Evaluating Cognitive Broadening as a Tool for Anger Reduction
Summerell, E. (UNSW Sydney), Harmon-Jones, C. (UNSW Sydney), Kelley, N. J., (Northwestern University), Peterson, C. K. (Minneapolis Veterans Affairs Health Care System), Krstanoska-Blazeska, K., (UNSW Sydney), Harmon-Jones, E., (UNSW Sydney)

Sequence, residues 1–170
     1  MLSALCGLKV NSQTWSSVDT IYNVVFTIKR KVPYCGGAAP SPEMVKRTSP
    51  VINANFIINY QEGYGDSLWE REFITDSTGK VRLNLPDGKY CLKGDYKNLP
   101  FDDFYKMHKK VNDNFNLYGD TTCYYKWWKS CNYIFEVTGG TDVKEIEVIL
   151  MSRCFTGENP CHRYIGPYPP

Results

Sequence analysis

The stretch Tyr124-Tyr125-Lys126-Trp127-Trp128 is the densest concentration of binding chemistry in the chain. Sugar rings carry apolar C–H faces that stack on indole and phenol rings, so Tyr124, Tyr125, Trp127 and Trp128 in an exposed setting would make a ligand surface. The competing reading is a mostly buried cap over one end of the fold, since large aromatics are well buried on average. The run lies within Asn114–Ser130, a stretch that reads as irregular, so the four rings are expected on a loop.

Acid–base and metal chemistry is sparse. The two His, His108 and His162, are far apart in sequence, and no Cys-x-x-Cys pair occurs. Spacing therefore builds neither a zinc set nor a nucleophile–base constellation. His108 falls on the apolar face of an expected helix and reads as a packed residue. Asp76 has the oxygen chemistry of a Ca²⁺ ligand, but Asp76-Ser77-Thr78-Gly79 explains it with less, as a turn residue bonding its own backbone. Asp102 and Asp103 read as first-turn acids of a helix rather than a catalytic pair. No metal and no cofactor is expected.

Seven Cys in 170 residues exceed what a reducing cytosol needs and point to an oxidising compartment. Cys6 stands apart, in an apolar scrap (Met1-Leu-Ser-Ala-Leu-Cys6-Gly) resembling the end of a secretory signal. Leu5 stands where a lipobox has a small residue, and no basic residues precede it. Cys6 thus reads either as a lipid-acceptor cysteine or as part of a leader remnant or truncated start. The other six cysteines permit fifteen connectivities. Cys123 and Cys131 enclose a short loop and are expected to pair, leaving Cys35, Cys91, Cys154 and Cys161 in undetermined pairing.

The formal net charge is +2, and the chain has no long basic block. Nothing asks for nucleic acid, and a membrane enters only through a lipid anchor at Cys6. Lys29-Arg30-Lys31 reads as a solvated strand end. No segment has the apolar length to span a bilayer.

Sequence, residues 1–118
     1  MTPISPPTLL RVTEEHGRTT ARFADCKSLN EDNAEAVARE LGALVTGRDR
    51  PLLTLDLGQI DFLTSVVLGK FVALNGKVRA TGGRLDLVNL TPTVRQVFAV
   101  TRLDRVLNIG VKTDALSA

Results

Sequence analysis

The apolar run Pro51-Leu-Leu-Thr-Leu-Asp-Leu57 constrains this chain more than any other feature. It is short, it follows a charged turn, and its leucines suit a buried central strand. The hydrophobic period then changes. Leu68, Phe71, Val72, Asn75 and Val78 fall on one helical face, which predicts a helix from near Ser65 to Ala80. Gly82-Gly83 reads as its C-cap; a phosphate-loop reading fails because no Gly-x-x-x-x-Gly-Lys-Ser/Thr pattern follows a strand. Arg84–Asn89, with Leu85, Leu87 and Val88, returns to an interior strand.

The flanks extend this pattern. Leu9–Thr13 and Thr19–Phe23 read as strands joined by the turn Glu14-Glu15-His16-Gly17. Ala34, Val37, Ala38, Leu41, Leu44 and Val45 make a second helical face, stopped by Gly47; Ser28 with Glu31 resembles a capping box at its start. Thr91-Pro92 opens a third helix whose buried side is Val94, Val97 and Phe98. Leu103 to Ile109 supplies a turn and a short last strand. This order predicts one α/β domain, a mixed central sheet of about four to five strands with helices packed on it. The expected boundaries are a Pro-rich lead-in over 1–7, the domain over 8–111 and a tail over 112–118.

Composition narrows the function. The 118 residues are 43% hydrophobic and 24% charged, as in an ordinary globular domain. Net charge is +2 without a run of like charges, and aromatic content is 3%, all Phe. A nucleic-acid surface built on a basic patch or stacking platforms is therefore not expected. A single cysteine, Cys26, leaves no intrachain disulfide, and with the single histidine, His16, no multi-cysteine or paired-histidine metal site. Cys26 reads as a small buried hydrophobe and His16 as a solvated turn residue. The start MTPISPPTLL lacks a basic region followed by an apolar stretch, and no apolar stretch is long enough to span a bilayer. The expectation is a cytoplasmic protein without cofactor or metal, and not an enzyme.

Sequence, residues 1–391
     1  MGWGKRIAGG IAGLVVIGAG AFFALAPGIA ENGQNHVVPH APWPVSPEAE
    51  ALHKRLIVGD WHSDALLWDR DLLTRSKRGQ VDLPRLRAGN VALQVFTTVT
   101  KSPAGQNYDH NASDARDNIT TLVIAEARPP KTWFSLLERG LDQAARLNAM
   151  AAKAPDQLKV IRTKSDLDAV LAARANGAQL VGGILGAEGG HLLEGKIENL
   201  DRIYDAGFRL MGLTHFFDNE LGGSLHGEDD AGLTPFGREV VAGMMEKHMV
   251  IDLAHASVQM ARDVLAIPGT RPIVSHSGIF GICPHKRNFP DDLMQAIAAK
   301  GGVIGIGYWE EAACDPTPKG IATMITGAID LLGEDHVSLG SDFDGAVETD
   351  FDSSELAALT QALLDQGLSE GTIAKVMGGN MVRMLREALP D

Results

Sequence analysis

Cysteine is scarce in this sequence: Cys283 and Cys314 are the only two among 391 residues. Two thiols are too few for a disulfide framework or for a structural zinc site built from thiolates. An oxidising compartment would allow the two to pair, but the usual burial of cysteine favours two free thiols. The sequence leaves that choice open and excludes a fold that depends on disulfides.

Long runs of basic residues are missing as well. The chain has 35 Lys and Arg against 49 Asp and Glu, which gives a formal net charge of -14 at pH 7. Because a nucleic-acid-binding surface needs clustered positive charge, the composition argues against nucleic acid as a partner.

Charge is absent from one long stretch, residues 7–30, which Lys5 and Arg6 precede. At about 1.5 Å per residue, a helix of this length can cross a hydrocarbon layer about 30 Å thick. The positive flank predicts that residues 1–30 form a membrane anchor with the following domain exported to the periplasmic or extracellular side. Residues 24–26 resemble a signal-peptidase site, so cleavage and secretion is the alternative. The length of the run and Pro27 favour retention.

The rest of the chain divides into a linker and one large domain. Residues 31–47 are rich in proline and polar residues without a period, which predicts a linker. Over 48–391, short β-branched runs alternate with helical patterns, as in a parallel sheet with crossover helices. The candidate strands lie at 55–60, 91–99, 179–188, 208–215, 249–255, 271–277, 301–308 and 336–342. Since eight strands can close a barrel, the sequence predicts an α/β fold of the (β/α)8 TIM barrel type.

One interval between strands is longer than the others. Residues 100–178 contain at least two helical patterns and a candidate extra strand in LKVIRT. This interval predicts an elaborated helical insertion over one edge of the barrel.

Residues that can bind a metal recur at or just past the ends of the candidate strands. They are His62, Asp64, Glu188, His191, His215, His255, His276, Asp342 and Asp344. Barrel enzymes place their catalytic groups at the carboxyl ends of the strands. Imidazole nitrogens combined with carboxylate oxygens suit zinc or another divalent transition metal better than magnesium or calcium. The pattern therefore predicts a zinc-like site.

Both anger and aggression are associated with significant adverse consequences for both individuals and wider society. However, effective evidence-based methods for the reduction of anger and aggression are limited and not well understood. Past research has shown that manipulations to broaden cognitive scope reduce responses to appetitive positive affective stimuli and disgusting stimuli, suggesting cognitive broadening may reduce motivational intensity. Based on this research, we predicted that cognitive broadening would also reduce anger, an approach-motivated negative emotion. Seven studies examined the effect of cognitive broadening on reported trait anger, state anger, attitudes toward anger, attributions of anger to ambiguous pictures, and accessibility of aggressive words. Results from individual studies provided mixed support for the predictions made. However, a mini meta-analysis suggested that cognitive broadening leads to a small but statistically significant reduction in trait anger/aggression and attitudes toward anger. These results suggest that broad cognitive scope reduces anger-related responses. Discussion will focus on potential explanations and interpretations of these findings, and their importance for future research.
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